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Seen in China: the Huawei Case

Part 1

Seen in China: the Huawei Case
 Gilles Babinet
Former Advisor on Digital Issues

On May 15, 2019, Donald Trump banned the use of telecom equipment in the USA from companies that pose a security risk to the country, including Huwaei. The next day, Gilles Babinet, Advisor on digital issues at Institut Montaigne, visited Huawei's offices in Shenzhen. He shares his experience with us here.

Note de voyage du 16 mai 2019

It is difficult not to be impressed by the majesty and importance of Huawei's headquarters, which covers several square kilometres, even when you have been to dozens of buildings of major technology companies.

The huge building dedicated to research and development (R&D) resembles more a luxury palace, with its marble floors and walls and carefully arranged artworks, than a research centre. The showroom, disproportionate, illustrates perfectly Huawei's strategic projection, product line by product line. The significant lead this company has taken becomes easier to understand, especially in an area where investment power and therefore critical size are decisive. Huawei now spends $15 billion a year on R&D (more than Apple, which in 2018 spent $14.24 billion) and should, due to the interruption in the supply of strategic American components such as Qualcomm's, significantly increase this amount to become, in a few years, the world's leading company in R&D spending (today the ranking is dominated by Amazon, with $22.6 billion in 2018). 

My visit to them was made particularly interesting by the announcement on the same day of the near total boycott of Huawei by the Trump Administration (no more sales of US components and software services to Chinese companies and no more purchases by US telecom operators of equipment manufactured by companies that pose a security risk to the country, including Huawei). Nevertheless, my interlocutors were calm, transparent and particularly precise in their answers. They made sure, each time we finished addressing one of the major themes on my agenda, that their answers provided adequate clarification. I spent three hours discussing piracy charges, cyber risks and audit models that would create transparency about their technologies, technology transfer issues, and how they plan to deal with Donald Trump's executive order.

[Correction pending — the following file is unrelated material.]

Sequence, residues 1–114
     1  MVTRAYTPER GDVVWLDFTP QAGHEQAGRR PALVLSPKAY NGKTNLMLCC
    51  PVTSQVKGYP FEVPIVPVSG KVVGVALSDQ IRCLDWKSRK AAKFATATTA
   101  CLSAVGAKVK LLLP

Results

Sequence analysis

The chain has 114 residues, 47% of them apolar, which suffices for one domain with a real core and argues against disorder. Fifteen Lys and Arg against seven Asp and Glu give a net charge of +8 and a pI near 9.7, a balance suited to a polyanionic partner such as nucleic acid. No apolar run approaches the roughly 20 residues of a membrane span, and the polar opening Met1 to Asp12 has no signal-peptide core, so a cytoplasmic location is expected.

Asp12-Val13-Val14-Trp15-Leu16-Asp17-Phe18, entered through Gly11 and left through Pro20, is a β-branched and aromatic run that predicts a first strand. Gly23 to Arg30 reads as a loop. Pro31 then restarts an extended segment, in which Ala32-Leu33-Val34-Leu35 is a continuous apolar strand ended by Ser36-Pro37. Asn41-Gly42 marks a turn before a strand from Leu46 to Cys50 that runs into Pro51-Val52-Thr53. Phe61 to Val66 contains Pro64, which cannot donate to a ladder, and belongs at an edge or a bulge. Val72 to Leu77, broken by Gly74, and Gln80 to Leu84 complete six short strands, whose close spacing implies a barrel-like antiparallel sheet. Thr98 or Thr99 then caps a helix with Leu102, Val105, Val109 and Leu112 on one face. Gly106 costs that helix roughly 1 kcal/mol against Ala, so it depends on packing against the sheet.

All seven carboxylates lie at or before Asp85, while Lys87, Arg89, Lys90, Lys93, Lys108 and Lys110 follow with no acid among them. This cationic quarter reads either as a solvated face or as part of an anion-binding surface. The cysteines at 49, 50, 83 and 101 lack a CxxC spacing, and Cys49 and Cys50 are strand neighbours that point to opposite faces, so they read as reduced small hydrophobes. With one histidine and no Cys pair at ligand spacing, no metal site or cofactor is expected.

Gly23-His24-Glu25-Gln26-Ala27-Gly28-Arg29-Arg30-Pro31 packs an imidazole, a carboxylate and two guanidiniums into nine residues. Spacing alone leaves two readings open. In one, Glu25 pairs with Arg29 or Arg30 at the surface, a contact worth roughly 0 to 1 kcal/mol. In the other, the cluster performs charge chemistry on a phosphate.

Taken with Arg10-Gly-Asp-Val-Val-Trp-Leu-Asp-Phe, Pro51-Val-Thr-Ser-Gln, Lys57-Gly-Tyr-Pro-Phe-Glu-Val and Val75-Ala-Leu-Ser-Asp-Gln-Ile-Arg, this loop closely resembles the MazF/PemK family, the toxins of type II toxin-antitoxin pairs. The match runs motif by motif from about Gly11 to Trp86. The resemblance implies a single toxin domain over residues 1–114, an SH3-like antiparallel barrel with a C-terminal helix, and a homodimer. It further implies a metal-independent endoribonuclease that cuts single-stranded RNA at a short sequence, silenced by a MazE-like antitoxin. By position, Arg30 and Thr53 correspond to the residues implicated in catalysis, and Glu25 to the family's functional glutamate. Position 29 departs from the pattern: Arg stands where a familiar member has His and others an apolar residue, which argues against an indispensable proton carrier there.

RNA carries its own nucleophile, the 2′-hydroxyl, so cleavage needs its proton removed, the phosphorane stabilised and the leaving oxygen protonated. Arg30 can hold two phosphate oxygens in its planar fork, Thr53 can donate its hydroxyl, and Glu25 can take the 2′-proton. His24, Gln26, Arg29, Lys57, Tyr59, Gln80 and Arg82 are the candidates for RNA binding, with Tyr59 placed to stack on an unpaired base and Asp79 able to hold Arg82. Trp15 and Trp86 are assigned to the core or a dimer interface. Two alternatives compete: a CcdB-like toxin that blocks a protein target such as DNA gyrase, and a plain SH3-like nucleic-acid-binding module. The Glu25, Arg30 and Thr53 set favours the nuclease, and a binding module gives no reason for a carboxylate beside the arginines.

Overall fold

Huawei now spends $15 billion a year on R&D [...] and should significantly increase this amount to become, in a few years, the world's leading company in R&D spending.

Surprisingly, Huawei knew very well it was threatened by such a risk long before Trump's statements. According to our exchanges, they have been trying for years to end their dependence on strategic American companies that supply them with components. My interlocutors assured me that the company was on its way to achieving a high level of technological autonomy but, did not hide the fact that the next 18 months were going to be difficult.

The critical threat posed by the potential closure of major markets, such as Europe, due to the cybersecurity risk of countries choosing Huawei as their infrastructure provider, has pushed Huawei to become more transparent. It is particularly true with the audit approach they have gradually implemented with the United Kingdom. The company's project is to create audit protocols approved by States (priority is given to Europe) that could be applied to all its equipment. The work is far from over, and many countries remain concerned about difficulties in ensuring this equipment meets essential safety levels. 

Huawei officials are well aware that belonging to an undemocratic country limits these transparency efforts. Their ability to recover sometimes only further exasperates the democratic countries and Huawei's most important competitors within those. Unfortunately, it was impossible to discuss in detail how they intended to respond to the loss of Google as a partner for Android. Here too, the Chinese approach (implementing an Android distribution and a business model completely similar to that of Google) should prevail.

How could Huawei succeed in overcoming these many headwinds in the long term? In the past, the company has demonstrated an impressive ability to resist adversity. The technological shock imposed by US sanctions is of a different nature: many supercritical components are no longer accessible and Huawei phones could become worthless, deprived of major social networks applications, such as GAFA services and Google e-stores to name a few.

Huawei officials are well aware that belonging to an undemocratic country limits these transparency efforts.

We often hear intemperate statements from supposedly wise observers, who seem convinced of Huawei's strength and ability to take this blow. This is very likely, but the difficulty in accessing all these services and the difficulty in accessing basic technologies could still seriously complicate the development of the Chinese telecommunications giant. It might be that the company is currently experiencing a decisive moment in its history. Let’s not forget that the company ZTE, which has been blacklisted for 18 months in the United States, is now only a shadow of itself, and some analysts believe that its turnover should fall by about 30% to 40% from its highest point.

Only time will tell; for now, the only reasonable conclusion to draw is the incredibly high level of global dependence on American technologies. Just as with the military tool, the dollar or the energy sector, the United States has reached a situation of domination in all these fields which, although strongly disputed, has not yet been reversed, no matter what is being said.

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